# Kemnitz's conjecture

In additive number theory, Kemnitz's conjecture states that every set of lattice points in the plane has a large subset whose centroid is also a lattice point. It was proved independently in the autumn of 2003 by Christian Reiher and Carlos di Fiore.

The exact formulation of this conjecture is as follows:

Let ${\displaystyle n}$ be a natural number and ${\displaystyle S}$ a set of 4n − 3 lattice points in plane. Then there exists a subset ${\displaystyle S_{1}\subseteq S}$ with ${\displaystyle n}$ points such that the centroid of all points from ${\displaystyle S_{1}}$ is also a lattice point.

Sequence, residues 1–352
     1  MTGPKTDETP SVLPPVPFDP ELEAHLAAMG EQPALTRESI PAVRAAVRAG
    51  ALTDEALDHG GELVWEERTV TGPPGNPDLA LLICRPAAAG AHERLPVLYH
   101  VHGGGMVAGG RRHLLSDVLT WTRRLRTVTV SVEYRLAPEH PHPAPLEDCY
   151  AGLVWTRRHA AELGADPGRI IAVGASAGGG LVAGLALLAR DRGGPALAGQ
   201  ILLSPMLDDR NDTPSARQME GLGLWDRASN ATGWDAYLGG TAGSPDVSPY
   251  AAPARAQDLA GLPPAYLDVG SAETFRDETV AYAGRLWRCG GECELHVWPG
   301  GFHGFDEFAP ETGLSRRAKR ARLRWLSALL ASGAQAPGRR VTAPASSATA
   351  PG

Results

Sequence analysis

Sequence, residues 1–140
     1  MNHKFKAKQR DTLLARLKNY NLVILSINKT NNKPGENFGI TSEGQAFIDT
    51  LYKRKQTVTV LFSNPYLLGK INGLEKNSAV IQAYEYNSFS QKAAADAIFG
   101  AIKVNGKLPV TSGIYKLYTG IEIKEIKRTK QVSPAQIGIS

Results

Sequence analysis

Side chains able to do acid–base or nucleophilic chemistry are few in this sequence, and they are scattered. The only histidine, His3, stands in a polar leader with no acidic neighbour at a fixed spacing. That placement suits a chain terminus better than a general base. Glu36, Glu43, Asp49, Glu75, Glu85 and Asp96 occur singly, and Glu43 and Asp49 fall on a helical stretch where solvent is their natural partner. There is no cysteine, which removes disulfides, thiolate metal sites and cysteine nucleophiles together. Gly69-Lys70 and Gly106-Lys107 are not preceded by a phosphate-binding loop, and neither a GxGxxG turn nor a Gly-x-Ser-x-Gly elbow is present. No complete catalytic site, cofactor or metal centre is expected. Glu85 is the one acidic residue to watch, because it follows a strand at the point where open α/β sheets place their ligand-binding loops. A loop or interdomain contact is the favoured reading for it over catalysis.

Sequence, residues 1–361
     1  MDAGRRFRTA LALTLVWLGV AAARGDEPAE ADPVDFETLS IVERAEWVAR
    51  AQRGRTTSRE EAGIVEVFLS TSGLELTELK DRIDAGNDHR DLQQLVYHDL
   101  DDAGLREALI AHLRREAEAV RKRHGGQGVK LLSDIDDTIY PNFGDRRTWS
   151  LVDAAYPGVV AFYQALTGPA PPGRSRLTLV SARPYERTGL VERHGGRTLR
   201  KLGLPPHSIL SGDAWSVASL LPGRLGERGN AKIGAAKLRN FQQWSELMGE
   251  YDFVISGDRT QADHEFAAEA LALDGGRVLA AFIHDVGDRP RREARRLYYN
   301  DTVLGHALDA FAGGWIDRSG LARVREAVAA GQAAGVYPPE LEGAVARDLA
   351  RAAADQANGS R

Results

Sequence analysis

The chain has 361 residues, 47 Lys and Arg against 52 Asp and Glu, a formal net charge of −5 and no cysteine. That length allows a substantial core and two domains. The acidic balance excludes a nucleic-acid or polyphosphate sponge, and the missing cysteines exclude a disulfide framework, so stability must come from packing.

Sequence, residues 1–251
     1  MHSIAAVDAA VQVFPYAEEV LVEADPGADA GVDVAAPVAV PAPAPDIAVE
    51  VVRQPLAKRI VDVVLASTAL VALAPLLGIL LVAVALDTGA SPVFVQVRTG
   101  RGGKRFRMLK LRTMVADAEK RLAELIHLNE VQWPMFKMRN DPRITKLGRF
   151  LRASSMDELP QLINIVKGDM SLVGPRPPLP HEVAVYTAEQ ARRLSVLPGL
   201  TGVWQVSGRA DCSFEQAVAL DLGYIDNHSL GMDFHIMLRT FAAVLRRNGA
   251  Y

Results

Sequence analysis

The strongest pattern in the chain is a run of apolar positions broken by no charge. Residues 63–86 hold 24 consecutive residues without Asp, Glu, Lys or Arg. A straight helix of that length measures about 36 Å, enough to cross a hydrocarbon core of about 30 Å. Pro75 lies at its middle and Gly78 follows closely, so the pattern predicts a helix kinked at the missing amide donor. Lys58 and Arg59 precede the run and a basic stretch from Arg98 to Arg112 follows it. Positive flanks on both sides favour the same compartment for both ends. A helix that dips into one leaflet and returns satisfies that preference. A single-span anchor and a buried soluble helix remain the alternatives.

Kemnitz's conjecture was formulated in 1983 by Arnfried Kemnitz as a generalization of the Erdős–Ginzburg–Ziv theorem, an analogous one-dimensional result stating that every 2n − 1 integers have a subset of size n whose average is an integer. In 2000, Lajos Rónyai proved a weakened form of Kemnitz's conjecture for sets with 4n − 2 lattice points. Then, in 2003, Christian Reiher proved the full conjecture using the Chevalley–Warning theorem.